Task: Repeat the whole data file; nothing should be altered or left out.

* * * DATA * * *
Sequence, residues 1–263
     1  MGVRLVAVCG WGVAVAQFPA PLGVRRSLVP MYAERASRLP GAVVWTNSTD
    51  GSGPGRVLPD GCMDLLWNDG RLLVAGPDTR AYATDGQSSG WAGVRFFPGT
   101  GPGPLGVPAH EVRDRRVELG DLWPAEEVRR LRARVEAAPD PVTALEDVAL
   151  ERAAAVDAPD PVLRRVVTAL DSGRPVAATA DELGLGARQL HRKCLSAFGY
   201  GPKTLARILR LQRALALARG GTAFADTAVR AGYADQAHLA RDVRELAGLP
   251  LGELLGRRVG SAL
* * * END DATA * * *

Sequence, residues 1–263
     1  MGVRLVAVCG WGVAVAQFPA PLGVRRSLVP MYAERASRLP GAVVWTNSTD
    51  GSGPGRVLPD GCMDLLWNDG RLLVAGPDTR AYATDGQSSG WAGVRFFPGT
   101  GPGPLGVPAH EVRDRRVELG DLWPAEEVRR LRARVEAAPD PVTALEDVAL
   151  ERAAAVDAPD PVLRRVVTAL DSGRPVAATA DELGLGARQL HRKCLSAFGY
   201  GPKTLARILR LQRALALARG GTAFADTAVR AGYADQAHLA RDVRELAGLP
   251  LGELLGRRVG SAL